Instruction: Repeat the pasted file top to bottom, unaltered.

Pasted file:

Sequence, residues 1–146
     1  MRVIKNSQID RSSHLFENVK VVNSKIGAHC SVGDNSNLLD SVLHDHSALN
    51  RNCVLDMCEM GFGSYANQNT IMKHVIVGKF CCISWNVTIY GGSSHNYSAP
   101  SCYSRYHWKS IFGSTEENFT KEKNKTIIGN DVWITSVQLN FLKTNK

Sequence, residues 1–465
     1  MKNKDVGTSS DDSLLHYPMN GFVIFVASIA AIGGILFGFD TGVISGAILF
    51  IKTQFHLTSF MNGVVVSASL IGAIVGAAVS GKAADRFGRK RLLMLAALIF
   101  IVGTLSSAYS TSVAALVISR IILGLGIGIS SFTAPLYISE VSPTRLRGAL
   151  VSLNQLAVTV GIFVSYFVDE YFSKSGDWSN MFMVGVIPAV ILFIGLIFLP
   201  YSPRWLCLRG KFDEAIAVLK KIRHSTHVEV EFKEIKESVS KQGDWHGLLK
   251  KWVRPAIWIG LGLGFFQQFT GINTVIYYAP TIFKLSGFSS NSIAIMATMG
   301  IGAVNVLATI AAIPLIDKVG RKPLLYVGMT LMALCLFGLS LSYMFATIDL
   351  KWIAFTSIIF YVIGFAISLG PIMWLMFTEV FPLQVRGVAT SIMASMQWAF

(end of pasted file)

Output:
Sequence, residues 1–146
     1  MRVIKNSQID RSSHLFENVK VVNSKIGAHC SVGDNSNLLD SVLHDHSALN
    51  RNCVLDMCEM GFGSYANQNT IMKHVIVGKF CCISWNVTIY GGSSHNYSAP
   101  SCYSRYHWKS IFGSTEENFT KEKNKTIIGN DVWITSVQLN FLKTNK

Sequence, residues 1–465
     1  MKNKDVGTSS DDSLLHYPMN GFVIFVASIA AIGGILFGFD TGVISGAILF
    51  IKTQFHLTSF MNGVVVSASL IGAIVGAAVS GKAADRFGRK RLLMLAALIF
   101  IVGTLSSAYS TSVAALVISR IILGLGIGIS SFTAPLYISE VSPTRLRGAL
   151  VSLNQLAVTV GIFVSYFVDE YFSKSGDWSN MFMVGVIPAV ILFIGLIFLP
   201  YSPRWLCLRG KFDEAIAVLK KIRHSTHVEV EFKEIKESVS KQGDWHGLLK
   251  KWVRPAIWIG LGLGFFQQFT GINTVIYYAP TIFKLSGFSS NSIAIMATMG
   301  IGAVNVLATI AAIPLIDKVG RKPLLYVGMT LMALCLFGLS LSYMFATIDL
   351  KWIAFTSIIF YVIGFAISLG PIMWLMFTEV FPLQVRGVAT SIMASMQWAF